Automobile negligence and liability is an area of the law for which Texas has no specific legislation. Cases dealing with this subject matter are forced to rely on the common law and case law for negligence. A driver of an automobile generally owes a duty of care to other drivers, pedestrians or anything that may be affected by the operation of that vehicle.
The operator of a motor vehicle is said to have the duty to operate that vehicle in the manor that a reasonably prudent person would operate that vehicle.
The driver must act as any sensible person would have in the given situation. If a person breaches this duty, thereby causing an injury they may be held liable for the damage that they cause. In order to show that a person has not used reasonable care, party bringing the suit must show that a person had a duty, and they then breached that duty, the plaintiff must also show causation and damages. In Texas, the cases El Chico v. Poole and City of Glade v. Pike illustrate the afore mentioned elements of a negligence case.
Texas does have a large body of law outlining the rules for operators of motor vehicles. Known as the Automotive Code, the state sets standards by which not only drivers, but also local governments must conform. Any violation of these laws, which causes injury, will create a cause of action. A person who has violated any or these laws has breached his duty of care allowing for a presumption of negligence. The reasonable person, it is thought, would have obeyed the law. The problem is that under Texas Civil Code 601.005 a person cannot use a citation or any act of the state as evidence of negligence in a civil suit. A party would simply have to show the other parties lack of care through traditional means.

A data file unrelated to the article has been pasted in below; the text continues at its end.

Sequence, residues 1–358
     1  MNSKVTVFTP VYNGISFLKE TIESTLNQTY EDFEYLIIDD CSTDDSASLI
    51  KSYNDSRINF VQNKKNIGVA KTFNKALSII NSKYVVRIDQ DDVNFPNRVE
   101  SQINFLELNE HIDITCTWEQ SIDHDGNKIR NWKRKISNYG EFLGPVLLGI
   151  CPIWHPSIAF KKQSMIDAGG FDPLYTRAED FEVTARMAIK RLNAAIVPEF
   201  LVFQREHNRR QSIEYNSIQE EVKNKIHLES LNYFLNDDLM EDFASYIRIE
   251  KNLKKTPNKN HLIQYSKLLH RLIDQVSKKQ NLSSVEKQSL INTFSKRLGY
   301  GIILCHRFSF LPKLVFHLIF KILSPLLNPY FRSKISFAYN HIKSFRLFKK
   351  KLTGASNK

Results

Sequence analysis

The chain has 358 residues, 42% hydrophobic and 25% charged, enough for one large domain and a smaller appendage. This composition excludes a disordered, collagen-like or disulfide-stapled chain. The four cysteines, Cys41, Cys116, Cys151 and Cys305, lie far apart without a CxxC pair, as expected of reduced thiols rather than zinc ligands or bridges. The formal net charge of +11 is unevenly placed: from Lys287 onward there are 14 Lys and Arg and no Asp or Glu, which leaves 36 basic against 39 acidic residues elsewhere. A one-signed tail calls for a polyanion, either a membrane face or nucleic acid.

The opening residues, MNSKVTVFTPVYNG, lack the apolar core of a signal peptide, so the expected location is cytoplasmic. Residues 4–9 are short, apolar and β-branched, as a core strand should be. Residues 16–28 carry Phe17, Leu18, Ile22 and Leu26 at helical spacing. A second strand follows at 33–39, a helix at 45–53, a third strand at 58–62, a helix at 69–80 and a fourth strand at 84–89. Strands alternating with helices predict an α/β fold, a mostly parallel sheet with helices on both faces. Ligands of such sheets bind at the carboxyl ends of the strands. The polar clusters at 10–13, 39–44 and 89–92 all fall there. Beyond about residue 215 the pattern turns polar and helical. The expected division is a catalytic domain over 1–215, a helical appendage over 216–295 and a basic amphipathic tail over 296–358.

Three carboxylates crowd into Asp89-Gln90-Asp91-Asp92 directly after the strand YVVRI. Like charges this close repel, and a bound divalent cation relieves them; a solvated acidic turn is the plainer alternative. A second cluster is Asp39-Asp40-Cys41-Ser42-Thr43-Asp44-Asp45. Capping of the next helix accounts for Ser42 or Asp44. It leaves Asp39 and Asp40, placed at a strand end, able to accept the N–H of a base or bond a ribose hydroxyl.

An example of this would be a person driving who runs a red light. In the course of running this red light he hits you, thereby injuring you. If that person is given a citation for running that red light the citation itself may not be used as proof of negligence. Nonetheless that driver has failed to exercise the care that a reasonable driver would have, thereby breaching the duty they had to exercise the requisite amount of care and causing you harm. That person may still liable to you for their actions regardless of whether or not a ticket may be used as evidence.
The Legal Examiner and our Affiliate Network strive to be the place you look to for news, context, and more, wherever your life intersects with the law.
Comments for this article are closed.